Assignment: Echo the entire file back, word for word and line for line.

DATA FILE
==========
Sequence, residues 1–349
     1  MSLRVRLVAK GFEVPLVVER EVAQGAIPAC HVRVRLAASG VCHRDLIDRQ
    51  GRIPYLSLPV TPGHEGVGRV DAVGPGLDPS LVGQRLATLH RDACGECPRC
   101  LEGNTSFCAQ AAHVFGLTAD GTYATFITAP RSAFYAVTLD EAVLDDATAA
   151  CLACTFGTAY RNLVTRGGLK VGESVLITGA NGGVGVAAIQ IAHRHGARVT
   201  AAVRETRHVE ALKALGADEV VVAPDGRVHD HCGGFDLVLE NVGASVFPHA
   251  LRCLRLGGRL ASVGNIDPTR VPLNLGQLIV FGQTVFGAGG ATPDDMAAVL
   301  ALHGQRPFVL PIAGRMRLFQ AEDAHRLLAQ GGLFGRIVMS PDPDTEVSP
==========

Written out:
Sequence, residues 1–349
     1  MSLRVRLVAK GFEVPLVVER EVAQGAIPAC HVRVRLAASG VCHRDLIDRQ
    51  GRIPYLSLPV TPGHEGVGRV DAVGPGLDPS LVGQRLATLH RDACGECPRC
   101  LEGNTSFCAQ AAHVFGLTAD GTYATFITAP RSAFYAVTLD EAVLDDATAA
   151  CLACTFGTAY RNLVTRGGLK VGESVLITGA NGGVGVAAIQ IAHRHGARVT
   201  AAVRETRHVE ALKALGADEV VVAPDGRVHD HCGGFDLVLE NVGASVFPHA
   251  LRCLRLGGRL ASVGNIDPTR VPLNLGQLIV FGQTVFGAGG ATPDDMAAVL
   301  ALHGQRPFVL PIAGRMRLFQ AEDAHRLLAQ GGLFGRIVMS PDPDTEVSP